The Washington Capitals are off to their worst start in a decade after losing the opening two games of the 2022-23 regular season. A large part of the problem in both games has been their execution on the power play.
The Capitals have not scored once on the man advantage and are 0 for 9 to start the season. They are one of just two teams to have played in more than one game and been unable to convert.
“A lot of it is execution,” Laviolette said postgame Thursday. “We’ve got to be better with what we’re doing out on the ice. We’ll go back and continue to work on it, but for me, I think the execution has got to be better. The decision-making, it’s what you’re doing, it’s what you’re thinking, it’s how we’re moving the puck. It’s gotta be better.”
The Capitals’ power play is led by assistant coach Blaine Forsythe, who was first given the job by Adam Oates in 2013. Oates and Forsythe introduced the 1-3-1 and the Capitals eventually mastered the formation, giving them one of the best power plays in the league for years. Alex Ovechkin’s production in his office — he’s the NHL’s all-time leader in power-play goals — is one of the reasons he’s challenging Wayne Gretzky’s goals record. But nearly a decade later, the unit’s effectiveness is starting to wane despite new wrinkles being introduced by Forsythe.
The drop lately has been precipitous. The Caps ranked third in the NHL in power-play conversion (24.8 percent) during Peter Laviolette’s first season in charge. Then – last year happened. The team’s man-advantage unit dropped six percentage points overall and 13 percentage points in terms of power-play goals per hour (five points above average to eight points below) per Micah McCurdy’s model.
A lot of the historical prior success has come via Ovechkin’s one-timers from the left circle. The Caps captain does not believe there is an issue with the formation or strategy, but with the team’s decision-making within the 1-3-1 structure.
“I think execution,” Ovi said. “First power play, we hit the crossbar and then in the second period missed a wide-open net. I think execution and afraid to get simple play and get one extra shot to find the dirty goal.”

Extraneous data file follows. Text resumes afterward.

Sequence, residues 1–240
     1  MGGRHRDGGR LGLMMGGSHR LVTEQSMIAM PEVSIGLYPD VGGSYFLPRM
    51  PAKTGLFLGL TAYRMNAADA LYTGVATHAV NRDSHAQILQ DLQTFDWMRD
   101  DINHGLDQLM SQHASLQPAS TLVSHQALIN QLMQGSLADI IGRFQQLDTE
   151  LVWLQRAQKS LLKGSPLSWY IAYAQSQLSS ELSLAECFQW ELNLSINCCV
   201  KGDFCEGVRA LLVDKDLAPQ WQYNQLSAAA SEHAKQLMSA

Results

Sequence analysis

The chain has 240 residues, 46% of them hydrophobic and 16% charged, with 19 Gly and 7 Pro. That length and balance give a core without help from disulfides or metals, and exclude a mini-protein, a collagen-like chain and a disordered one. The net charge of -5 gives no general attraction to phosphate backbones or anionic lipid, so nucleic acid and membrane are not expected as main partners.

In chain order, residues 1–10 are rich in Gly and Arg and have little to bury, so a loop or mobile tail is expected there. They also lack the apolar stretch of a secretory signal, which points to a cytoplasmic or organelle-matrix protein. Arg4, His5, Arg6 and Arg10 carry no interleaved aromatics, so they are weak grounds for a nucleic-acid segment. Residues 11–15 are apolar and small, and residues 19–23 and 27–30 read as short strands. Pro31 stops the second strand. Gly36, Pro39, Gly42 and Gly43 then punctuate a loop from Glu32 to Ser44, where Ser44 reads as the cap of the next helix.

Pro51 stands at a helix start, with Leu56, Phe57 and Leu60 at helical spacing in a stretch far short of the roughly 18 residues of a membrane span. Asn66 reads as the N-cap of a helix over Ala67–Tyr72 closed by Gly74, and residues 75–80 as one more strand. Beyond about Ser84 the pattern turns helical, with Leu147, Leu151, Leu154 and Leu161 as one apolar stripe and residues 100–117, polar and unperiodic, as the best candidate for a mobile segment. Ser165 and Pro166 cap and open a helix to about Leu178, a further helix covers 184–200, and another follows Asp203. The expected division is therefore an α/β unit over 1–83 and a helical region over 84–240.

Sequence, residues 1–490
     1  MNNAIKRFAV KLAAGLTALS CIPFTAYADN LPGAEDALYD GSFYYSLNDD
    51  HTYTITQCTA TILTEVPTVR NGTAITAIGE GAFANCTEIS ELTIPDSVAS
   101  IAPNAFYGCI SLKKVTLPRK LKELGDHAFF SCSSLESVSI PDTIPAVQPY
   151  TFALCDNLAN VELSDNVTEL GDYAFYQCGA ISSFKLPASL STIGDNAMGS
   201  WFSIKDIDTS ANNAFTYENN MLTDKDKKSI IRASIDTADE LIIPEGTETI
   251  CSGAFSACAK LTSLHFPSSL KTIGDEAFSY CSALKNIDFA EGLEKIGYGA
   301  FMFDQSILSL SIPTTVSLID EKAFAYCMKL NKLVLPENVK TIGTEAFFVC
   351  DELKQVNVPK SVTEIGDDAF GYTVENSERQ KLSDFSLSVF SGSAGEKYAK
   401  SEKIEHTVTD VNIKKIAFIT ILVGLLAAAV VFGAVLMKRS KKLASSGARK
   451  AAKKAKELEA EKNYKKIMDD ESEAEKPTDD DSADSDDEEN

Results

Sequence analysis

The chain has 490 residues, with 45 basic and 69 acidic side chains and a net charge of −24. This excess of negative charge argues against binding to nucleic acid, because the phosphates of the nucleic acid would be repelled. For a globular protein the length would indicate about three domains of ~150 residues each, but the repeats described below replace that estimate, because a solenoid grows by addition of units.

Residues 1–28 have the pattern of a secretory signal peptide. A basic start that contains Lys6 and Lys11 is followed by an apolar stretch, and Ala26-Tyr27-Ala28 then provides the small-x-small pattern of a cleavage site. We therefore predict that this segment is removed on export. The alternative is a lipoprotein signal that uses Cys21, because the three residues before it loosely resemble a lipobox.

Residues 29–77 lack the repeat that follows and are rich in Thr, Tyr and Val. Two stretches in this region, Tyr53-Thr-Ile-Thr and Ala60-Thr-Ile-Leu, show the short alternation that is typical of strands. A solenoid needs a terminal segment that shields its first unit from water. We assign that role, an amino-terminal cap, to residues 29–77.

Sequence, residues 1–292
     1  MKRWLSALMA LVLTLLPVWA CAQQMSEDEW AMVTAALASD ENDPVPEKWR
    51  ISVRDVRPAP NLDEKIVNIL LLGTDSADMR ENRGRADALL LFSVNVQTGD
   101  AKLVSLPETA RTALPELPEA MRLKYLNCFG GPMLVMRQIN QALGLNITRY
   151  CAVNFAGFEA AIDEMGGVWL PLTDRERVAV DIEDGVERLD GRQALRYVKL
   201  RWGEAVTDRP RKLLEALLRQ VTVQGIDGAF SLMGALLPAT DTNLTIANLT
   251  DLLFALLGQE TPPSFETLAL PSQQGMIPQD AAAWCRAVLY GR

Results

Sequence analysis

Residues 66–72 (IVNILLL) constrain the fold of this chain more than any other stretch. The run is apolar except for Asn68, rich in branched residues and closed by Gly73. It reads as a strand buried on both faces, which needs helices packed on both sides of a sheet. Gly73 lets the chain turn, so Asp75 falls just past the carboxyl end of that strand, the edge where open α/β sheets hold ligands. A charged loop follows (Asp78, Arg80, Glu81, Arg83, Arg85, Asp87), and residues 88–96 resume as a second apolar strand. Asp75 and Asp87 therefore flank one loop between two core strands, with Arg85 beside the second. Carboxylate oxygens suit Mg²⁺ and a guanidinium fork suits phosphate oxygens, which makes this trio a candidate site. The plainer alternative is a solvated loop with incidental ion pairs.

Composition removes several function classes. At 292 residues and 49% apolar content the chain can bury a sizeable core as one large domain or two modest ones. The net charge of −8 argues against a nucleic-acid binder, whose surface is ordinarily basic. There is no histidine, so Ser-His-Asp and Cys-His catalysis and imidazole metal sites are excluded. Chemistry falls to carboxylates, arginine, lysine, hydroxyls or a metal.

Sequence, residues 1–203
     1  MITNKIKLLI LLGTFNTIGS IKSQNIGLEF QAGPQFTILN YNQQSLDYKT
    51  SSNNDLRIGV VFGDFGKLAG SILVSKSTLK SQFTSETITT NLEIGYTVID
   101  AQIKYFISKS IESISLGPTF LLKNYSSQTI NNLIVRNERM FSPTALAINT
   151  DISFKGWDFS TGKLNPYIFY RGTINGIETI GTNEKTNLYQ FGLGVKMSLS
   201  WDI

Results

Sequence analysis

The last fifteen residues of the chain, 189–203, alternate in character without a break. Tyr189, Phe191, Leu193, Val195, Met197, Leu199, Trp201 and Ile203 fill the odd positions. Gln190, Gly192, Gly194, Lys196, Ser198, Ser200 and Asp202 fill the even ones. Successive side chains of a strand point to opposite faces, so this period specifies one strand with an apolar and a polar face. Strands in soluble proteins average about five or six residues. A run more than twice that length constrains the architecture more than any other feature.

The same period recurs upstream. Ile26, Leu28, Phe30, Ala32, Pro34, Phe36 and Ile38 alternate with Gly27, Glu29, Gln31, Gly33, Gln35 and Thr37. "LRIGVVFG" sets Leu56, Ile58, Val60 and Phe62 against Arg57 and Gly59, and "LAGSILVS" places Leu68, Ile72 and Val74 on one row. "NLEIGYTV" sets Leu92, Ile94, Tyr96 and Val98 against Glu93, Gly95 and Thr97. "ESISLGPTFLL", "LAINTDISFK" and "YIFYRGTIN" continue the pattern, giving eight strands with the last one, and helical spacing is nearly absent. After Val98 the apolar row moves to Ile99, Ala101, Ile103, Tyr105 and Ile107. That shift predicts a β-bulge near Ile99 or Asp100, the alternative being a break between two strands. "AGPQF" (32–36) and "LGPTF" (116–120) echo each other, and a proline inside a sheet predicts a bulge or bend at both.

To see if any of that tracks, we can use McCurdy’s power-play heatmap. With the caveat that this sample is super small, it is nonetheless useful in seeing where Washington’s shots are coming from. Purple means the Caps shoot below average from a location; brown means above.
The Caps have big brown blobs in the Ovechkin (left circle) and Carlson (blue line, center) locations. There is very little action from other spots. If we isolate just the first power-play unit personnel (Carlson, Ovechkin, Kuznetsov, Strome, and Oshie), we see generally the same pattern.
More than half of Washington’s unblocked shots come from Ovechkin, with Carlson taking up a quarter. Oshie and Strome have produced no unblocked attempts so far.
Worse yet, the Caps saw more action happen in their own zone against Toronto. The Leafs doubled up the Capitals in expected goals – during Washington’s power play. Toronto had an xG score of 0.64, and Washington had 0.29, meaning that’s how many goals you’d “expect” the team to score based on the quality and quantity of their offense. In a full season, the attacking team should have an xG percentage of around 85-90 percent – not 33 percent.
Because we’re so early in the season, it’s not too difficult to summarize everything that has happened on the power play. So here goes:
Nothing happened on the final power play of the Toronto game, which came with under a minute left.
Righting the power play will be a necessity if the Capitals want to contend this season. It will also be a major factor long term in Ovechkin’s chase of Gretzky’s goals record.
The Capitals will likely get another chance with their special teams unit against the Montreal Canadiens on Saturday. The Habs were a perfect 4-for-4 on their penalty kill against the Toronto Maple Leafs in their first game of the season.
Headline photo: Alan Dobbins/RMNB
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